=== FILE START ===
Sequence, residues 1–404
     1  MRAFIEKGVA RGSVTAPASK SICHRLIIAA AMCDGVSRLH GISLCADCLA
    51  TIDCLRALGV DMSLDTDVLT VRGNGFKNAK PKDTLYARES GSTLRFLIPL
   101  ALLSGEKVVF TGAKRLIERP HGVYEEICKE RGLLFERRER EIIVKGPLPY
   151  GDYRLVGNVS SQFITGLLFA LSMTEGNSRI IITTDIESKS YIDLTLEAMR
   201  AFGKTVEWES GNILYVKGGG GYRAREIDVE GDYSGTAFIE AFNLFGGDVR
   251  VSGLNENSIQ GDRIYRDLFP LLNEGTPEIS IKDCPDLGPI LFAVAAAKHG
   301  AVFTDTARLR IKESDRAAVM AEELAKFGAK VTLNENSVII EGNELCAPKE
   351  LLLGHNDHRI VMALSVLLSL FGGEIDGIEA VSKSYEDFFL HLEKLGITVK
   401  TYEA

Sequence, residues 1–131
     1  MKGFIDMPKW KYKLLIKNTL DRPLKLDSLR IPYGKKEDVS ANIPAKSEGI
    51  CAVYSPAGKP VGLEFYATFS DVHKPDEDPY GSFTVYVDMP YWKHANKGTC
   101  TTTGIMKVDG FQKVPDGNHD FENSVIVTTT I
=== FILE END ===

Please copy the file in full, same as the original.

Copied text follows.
Sequence, residues 1–404
     1  MRAFIEKGVA RGSVTAPASK SICHRLIIAA AMCDGVSRLH GISLCADCLA
    51  TIDCLRALGV DMSLDTDVLT VRGNGFKNAK PKDTLYARES GSTLRFLIPL
   101  ALLSGEKVVF TGAKRLIERP HGVYEEICKE RGLLFERRER EIIVKGPLPY
   151  GDYRLVGNVS SQFITGLLFA LSMTEGNSRI IITTDIESKS YIDLTLEAMR
   201  AFGKTVEWES GNILYVKGGG GYRAREIDVE GDYSGTAFIE AFNLFGGDVR
   251  VSGLNENSIQ GDRIYRDLFP LLNEGTPEIS IKDCPDLGPI LFAVAAAKHG
   301  AVFTDTARLR IKESDRAAVM AEELAKFGAK VTLNENSVII EGNELCAPKE
   351  LLLGHNDHRI VMALSVLLSL FGGEIDGIEA VSKSYEDFFL HLEKLGITVK
   401  TYEA

Sequence, residues 1–131
     1  MKGFIDMPKW KYKLLIKNTL DRPLKLDSLR IPYGKKEDVS ANIPAKSEGI
    51  CAVYSPAGKP VGLEFYATFS DVHKPDEDPY GSFTVYVDMP YWKHANKGTC
   101  TTTGIMKVDG FQKVPDGNHD FENSVIVTTT I